Managing diabetes is easiest when you get into a routine of eating well, being active and taking medications as prescribed. Long hours or night shifts can throw a wrench into any well thought out plan, but with the right steps, it is still possible to keep your blood sugars under control. It’s important to pack everything you might need, take your allowed time to eat and find ways to keep moving.
Pack for success
Have a bag for your diabetes essentials, which may include your blood sugar meter and supplies, medicine, insulin and injection supplies, treatment for hypoglycemia and hand sanitizer. You may want to check your blood sugars more often, especially when driving, as night shifts and schedule or activity changes may affect your blood sugars in surprising ways. Other than this grab bag, don’t forget your lunch bag to help keep you going!
Plan to eat well at work
Maintaining a nutritious diet takes planning. It might be easiest if you spend some time on your days off to decide what you want to eat for the next 3-7 days, use those ideas to make a grocery list and then make at least 2-3 days of food for yourself in advance. Doubling batches, then freezing leftovers to use for busy days may also be helpful. Planning snacks is also important if you’re at risk of hypoglycemia or get tempted by treats between meals.
Try these easy nutritious ideas
Overnight oats or peanut butter and banana whole wheat wraps can be easy grab-and-go breakfasts. If you rely on sandwiches at work, remember to pick a high fiber bread and try to include other food groups as well. Ready-made salads or baby carrots with dip make quick sides to ensure ½ of your meal is vegetables. For snacks, pairing a protein with a carbohydrate can be helpful, such as:
- A handful of mixed nuts and a banana (greener is better)
- Unsweetened apple sauce with sunflower seeds
- Individual cups of low sugar yogurt or cottage cheese with berries
- Cheese slices and whole grain crackers
Pay attention to meal timing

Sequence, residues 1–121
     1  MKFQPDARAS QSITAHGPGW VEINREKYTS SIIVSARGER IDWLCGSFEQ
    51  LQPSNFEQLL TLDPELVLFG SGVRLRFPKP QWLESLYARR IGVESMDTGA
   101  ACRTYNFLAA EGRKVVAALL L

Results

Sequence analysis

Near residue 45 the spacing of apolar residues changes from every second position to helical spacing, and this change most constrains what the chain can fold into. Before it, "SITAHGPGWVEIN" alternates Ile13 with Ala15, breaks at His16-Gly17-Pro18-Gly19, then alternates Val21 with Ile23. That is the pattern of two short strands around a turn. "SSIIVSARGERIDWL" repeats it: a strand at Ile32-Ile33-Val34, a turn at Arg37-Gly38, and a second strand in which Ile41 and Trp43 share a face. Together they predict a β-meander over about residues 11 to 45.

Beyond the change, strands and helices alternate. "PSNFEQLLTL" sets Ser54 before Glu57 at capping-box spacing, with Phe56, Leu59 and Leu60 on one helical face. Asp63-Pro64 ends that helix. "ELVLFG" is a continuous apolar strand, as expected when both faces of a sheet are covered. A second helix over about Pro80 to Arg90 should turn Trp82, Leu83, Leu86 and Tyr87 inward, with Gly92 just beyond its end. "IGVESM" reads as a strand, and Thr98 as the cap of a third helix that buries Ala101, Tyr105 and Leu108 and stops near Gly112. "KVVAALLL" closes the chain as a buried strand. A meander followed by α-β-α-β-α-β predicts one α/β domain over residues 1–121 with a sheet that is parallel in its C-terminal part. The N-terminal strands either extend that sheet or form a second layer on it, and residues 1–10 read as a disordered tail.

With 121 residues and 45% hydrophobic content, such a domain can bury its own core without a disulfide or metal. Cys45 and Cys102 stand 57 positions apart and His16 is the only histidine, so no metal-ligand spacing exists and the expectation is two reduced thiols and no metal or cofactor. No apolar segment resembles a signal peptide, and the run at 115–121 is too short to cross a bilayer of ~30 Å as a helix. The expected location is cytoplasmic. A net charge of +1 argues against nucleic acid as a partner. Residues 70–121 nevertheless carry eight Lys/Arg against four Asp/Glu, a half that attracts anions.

Eat within an hour of waking and have your main meals during the day or early evening to help keep your blood sugars balanced. Pack snacks to help prevent hypoglycemia between meals or overeating later. You may also find it helpful to have a light snack before going to bed on night shifts, and to avoid caffeine at least 4-6 hours before you try to sleep.
Find ways to be active
Long hours and night shifts can make it hard to stay active, however it’s still helpful to try making activity part of your routine. Exercise can help give you energy for work and keep your blood sugars from spiking too high. Try taking a few minutes to do stretches or walk in place at your workstation every hour. If you are able to take breaks, try incorporating light exercise then as well. Other ways to build physical activity in your routine include parking far or biking to work.
Get help when needed
Diabetes is challenging with shift work, but with time and effort it can be managed well. Better blood sugar control can help you feel better in the moment, and lower risk of complications, keeping you feeling your best for your future as well. Ask your diabetes team if you need help managing your lifestyle on shift work, or if there are any medications that might work better for your schedule.
Michelle Broughton, Registered Dietitian